Doc Scissorshand

Here’s a fun image captured by the journalists at Fullerton Stories:

While only a few hundred yards away outraged citizens were protesting the police-bludgeoning death of Kelly Thomas, Fullerton’s liberal and repuglican elite were feting themselves at the opening of the new library wing.

Friends, you are invited to provide your ideas for a picture caption in the comments section.

Saturday: Protest At The Police Station

FFFF Friend Andy Anderson has organized a second protest that’s scheduled for tomorrow morning at 9:00 am to 1:00 pm on the corner of Highland and Commonwealth in Fullerton.

If you can, bring a poster board and make a sign on site. This is your opportunity to send your own personal message to the FPD letting them know what you think of the brutal killing of a local homeless man named Kelly Thomas.

There is a Facebook page to help organize the event.

The FPD Lie: Broken Bones. Nope.

The Fullertonian is reporting that the officers who got into a “scuffle” with Kelly Thomas did NOT suffer from broken bones, as erroneously reported in news broadcasts.

So where did this lie come from? Well, we know that FPD spokesman Andrew Goodrich fed that line to Matt Coker of the OCWeekly, as indicated in his July 7th article on the incident. So it’s safe to assume that Goodrich squeaked that one to the rest of the media outlets as well.

Of course Goodrich let the lie float around for two weeks while he ran damage control for the invisible chief.

Whitaker Says “Release the Video!” just published this letter from councilmember Bruce Whitaker, in which he demands that the video and audio recordings of the July 5th police beating of Kelly Thomas be released to the public.

Read the letter

Don’t forget to check out the printed responses of the other councilmembers, including McKinley who says “I disagree with that last sentence about releasing the video.  It isn’t a wise thing to do and is for the authorities to do.”

What does that mean?

FAIL To The Chief

We have nothing to hide. Now it's off to the Caribbean...

We received the following correspondence from a long-time Friend.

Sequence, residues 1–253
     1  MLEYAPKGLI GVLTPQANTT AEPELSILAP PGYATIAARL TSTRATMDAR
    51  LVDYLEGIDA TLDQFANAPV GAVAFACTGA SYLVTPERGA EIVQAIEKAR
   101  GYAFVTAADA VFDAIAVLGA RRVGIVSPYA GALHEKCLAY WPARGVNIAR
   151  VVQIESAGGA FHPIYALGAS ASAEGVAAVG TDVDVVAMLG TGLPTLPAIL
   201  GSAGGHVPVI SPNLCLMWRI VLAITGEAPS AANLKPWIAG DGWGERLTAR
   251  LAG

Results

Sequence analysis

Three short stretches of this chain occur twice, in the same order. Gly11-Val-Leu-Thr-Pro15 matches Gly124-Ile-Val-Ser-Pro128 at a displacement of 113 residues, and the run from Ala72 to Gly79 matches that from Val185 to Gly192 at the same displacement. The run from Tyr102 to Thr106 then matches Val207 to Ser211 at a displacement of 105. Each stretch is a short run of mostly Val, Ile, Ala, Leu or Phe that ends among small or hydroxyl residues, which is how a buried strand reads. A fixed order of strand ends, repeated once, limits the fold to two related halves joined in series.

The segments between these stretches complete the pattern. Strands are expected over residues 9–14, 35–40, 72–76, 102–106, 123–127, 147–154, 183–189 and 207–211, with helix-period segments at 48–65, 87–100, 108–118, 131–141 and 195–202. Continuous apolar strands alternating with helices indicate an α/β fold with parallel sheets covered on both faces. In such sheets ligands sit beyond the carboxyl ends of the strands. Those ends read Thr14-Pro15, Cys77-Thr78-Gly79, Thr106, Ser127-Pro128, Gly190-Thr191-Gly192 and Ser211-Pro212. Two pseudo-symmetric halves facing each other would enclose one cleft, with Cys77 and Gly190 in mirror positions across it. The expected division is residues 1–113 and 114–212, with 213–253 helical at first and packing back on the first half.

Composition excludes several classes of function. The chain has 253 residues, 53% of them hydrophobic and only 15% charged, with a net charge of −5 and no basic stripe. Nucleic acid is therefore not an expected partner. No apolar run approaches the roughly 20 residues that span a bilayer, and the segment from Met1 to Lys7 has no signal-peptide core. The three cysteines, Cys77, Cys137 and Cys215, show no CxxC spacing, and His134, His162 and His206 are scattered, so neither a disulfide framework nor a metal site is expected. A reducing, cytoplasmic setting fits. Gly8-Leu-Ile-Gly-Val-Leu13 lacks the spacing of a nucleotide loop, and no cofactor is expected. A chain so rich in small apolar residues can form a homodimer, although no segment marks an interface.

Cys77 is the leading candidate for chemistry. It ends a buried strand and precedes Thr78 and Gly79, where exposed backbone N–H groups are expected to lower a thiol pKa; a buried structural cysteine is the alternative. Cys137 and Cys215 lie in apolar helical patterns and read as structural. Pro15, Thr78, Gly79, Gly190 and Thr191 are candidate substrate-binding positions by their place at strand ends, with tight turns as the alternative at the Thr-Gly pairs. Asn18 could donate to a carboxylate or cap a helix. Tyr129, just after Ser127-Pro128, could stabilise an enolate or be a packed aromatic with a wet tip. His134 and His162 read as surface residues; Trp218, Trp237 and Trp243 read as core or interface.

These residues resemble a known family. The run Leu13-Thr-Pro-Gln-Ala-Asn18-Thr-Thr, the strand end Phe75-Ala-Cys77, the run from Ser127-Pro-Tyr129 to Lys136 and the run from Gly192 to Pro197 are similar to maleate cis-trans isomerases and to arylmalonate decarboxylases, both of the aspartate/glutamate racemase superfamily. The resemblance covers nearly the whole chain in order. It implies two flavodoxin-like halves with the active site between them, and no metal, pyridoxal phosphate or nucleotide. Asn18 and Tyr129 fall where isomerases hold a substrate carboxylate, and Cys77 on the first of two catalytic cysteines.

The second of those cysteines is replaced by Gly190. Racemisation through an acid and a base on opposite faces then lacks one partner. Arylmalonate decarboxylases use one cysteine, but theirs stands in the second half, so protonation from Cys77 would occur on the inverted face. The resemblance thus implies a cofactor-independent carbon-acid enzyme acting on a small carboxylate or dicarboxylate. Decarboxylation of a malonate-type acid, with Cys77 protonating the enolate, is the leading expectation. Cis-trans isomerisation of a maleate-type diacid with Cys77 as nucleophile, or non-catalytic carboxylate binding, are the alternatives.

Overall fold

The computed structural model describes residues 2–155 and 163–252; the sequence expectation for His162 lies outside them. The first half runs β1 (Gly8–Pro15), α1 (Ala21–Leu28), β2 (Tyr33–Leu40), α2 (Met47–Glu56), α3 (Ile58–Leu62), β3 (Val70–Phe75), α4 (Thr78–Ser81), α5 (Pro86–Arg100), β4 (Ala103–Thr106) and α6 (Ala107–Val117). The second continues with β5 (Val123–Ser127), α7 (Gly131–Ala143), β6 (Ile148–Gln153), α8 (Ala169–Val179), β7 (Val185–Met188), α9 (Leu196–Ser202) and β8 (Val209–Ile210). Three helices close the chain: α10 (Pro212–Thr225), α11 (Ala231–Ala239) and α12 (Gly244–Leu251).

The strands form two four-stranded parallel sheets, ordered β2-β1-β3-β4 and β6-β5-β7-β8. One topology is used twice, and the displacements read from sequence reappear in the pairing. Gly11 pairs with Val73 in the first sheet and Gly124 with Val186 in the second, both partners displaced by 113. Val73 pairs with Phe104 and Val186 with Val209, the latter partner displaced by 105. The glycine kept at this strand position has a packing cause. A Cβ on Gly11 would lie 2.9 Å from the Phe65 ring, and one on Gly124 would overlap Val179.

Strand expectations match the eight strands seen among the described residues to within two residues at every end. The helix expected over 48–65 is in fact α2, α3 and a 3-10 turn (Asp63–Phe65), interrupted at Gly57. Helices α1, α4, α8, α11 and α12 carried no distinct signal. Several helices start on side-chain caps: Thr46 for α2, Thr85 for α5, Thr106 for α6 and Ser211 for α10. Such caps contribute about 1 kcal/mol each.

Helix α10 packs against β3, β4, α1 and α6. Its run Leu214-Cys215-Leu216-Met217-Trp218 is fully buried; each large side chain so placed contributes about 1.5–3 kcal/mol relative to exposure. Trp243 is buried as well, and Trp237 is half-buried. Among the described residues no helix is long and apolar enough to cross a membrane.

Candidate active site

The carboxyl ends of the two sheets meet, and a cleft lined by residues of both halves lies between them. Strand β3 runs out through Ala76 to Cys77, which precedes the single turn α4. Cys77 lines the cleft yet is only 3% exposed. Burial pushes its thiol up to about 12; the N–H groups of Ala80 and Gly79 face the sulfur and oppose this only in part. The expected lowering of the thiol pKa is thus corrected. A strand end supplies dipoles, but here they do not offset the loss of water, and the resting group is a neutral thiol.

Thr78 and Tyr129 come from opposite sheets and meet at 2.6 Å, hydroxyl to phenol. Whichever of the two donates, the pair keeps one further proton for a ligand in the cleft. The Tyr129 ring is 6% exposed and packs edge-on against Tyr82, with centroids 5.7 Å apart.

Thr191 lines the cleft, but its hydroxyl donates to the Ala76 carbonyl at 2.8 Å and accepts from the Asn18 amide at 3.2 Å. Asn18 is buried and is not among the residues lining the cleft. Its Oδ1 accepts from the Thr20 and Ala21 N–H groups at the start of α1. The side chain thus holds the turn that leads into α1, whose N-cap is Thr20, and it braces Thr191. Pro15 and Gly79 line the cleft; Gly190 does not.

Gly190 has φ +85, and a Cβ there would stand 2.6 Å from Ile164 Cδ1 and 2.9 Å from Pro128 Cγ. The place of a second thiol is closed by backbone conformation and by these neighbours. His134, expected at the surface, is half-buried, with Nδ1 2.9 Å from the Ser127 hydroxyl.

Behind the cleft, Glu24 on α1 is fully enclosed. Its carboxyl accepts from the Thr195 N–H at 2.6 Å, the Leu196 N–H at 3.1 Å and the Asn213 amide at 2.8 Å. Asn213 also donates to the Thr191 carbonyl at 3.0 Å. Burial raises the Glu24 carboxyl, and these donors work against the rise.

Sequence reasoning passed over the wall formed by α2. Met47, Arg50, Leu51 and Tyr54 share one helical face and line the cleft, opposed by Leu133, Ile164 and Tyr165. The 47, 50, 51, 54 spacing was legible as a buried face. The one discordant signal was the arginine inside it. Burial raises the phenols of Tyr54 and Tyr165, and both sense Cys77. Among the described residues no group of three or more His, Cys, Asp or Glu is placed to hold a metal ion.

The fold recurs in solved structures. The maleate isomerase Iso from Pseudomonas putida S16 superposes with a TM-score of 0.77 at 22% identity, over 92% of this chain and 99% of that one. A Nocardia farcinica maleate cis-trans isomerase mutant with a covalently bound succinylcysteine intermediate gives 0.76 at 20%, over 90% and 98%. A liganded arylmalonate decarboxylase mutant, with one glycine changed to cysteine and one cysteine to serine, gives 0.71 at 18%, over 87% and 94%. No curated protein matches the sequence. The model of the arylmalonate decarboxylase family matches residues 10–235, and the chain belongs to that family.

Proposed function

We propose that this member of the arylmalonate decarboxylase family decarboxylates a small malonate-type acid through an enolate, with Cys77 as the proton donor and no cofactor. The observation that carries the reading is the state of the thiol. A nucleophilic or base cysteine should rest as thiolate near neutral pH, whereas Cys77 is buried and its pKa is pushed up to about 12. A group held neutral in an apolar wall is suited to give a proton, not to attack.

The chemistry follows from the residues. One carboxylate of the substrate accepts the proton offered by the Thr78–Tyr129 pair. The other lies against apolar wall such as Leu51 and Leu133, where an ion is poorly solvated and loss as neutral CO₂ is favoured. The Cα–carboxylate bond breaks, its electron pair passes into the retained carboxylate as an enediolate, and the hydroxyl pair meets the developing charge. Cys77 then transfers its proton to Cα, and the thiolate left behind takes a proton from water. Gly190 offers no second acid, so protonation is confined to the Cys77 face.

The controversy surrounding the recent beating death of Kelly Thomas, a local mentally ill homeless man at the hands of the Fullerton Police has been marked by the absence of Chief Michael Sellers. The FPD has instead relied on its regular spokesman Sgt. Andrew Goodrich for information about the case. This might be thought an appropriate channel of communication if this were anything like standard police work. It is not.  Six sworn peace officers beat a man to near death (he died days later) in the parking lot of the Fullerton Transportation Center, and no explanation has been offered other than that the man offered physical resistance and that a thorough investigation will follow.

The brutality of the beating has left many in this city asking how it was that six trained police officers could not subdue a single unarmed man without killing him. Chief Sellers, who is reportedly vacationing, neither returned to Fullerton to appear before the press and public or even offered a written statement about the tragedy. His complete absence does nothing to assure the people of Fullerton that there is responsible leadership being exercised over the officers in his department.


For all you folks out there that are thinking about dining and drinking, or drinking, or even art walking in downtown Fullerton, think twice before you venture into the battle zone. A few years back, your esteemed Mayor, Dr. Dick Jones, declared the downtown “unsafe,” and called it the “Wild West;” he said that “there are people down there that don’t look like me,” and called them “last week’s prison felons.” Here is Jones in all his befuddled glory:

So what did the city do? It looks like they spent one and a half million dollars  per year to employ a collection of goons to work the downtown beat who, with exception of a uniform, may be hard to distinguish from the folks they go after – last week’s prison felons.

The original problem, created by Jones & Co. persists. And now I invite you to consider whether the remedy isn’t worse than the disease.